Mechanical Secrets of Marionette Shows
by TONY SARG As Told To Alfred Albelli

When watching a marionette show you’ve probably wondered what made the little mechanical actors appear so lifelike. In this unusual article, Tony Sarg, world’s leading puppeteer, takes you behind the scenes and explains the mechanical marvels which create the amazing illusions of reality you behold on the stage.

MEET the most fantastic troupe that ever strutted across the American stage!

These actors play to capacity audiences in the biggest theatres, yet they don’t get a single red cent for their work!

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SURE ROUTE TO HAPPY-LAND (Nov, 1939)

SURE ROUTE TO HAPPY-LAND

MAIL TODAY SURE
J.C. DEAGAN, Inc., Dept. 3658
1770 Berteau, Chicago
Without cost of obligation, tell me about the easy-to-play DEAGAN MARIMBA… its sensational rise in the music world… the opportunities for radio, stage and dance-band fame.

EASY TO PLAY

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Propeller Drives Homemade Flying Merry-Go-Round (May, 1939)

This thing looks incredibly fun!

Propeller Drives Homemade Flying Merry-Go-Round
A FLYING merry-go-round in their own back yard is the pride and joy of young” Christopher Elliott and his sister Maureen, of Beccles, Suffolk, England. Built by their father, the novel whirligig has a two-passenger open gondola suspended from twin booms that revolve around a central post firmly set into concrete. Driving power for the unusual homemade flying machine is furnished by a one-horsepower gasoline engine that whirls a twenty-three-inch wooden propeller incased in a protective cowling of wire and metal. Cross bracing between booms and center post adds stability.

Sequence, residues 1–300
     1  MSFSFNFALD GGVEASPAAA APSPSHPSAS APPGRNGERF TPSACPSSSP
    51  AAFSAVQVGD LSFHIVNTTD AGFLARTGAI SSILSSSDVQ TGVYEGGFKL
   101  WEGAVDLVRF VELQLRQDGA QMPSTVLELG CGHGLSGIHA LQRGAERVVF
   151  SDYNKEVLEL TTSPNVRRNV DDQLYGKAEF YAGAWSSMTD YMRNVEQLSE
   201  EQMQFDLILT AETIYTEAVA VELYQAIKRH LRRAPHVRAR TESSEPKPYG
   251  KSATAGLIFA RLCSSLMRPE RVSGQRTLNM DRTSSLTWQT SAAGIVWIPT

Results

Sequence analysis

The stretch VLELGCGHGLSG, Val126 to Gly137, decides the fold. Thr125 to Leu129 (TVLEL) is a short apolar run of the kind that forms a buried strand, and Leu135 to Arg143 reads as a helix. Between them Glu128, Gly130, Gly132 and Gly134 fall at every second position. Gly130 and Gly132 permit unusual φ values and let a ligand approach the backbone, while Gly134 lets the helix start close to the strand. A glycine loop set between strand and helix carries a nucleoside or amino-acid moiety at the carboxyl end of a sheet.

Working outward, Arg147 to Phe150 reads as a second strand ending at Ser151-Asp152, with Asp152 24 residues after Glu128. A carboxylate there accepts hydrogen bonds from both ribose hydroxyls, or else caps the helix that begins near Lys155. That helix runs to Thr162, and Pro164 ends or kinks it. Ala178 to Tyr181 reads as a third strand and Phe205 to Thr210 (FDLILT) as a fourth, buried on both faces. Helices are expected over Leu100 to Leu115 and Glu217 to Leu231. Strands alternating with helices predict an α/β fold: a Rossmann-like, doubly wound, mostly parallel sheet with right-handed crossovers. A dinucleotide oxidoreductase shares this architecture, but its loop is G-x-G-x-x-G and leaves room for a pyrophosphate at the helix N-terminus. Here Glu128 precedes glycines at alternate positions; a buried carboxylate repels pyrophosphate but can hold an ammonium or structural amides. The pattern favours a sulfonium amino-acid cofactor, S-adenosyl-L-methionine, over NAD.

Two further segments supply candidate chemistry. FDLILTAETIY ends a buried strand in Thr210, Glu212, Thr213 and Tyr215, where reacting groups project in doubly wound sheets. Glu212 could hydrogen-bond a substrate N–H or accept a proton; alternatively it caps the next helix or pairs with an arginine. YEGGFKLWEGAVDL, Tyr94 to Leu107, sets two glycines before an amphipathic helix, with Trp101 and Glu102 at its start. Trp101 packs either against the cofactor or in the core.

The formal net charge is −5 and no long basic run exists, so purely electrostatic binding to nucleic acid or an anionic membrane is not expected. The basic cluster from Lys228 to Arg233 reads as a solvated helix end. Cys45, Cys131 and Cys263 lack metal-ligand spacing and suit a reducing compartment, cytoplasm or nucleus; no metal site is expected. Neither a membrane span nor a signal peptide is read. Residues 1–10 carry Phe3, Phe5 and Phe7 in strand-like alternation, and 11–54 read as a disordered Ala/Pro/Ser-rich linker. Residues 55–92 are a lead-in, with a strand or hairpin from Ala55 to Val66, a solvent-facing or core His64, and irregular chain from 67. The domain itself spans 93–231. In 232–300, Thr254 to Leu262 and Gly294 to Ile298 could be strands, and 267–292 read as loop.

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How Disney Combines Living Actors with His Cartoon Characters (Sep, 1944)

How Disney Combines Living Actors with His Cartoon Characters

UP GOES another character in the Walt Disney Hall of Fame. Out comes another surprise from the Disney bag of tricks. To be specific, Panchito, a Mexican rooster with as much personality as Donald Duck or Joe Carioca, is making his first appearance; and on the screen with him will be live, three-dimensional actors.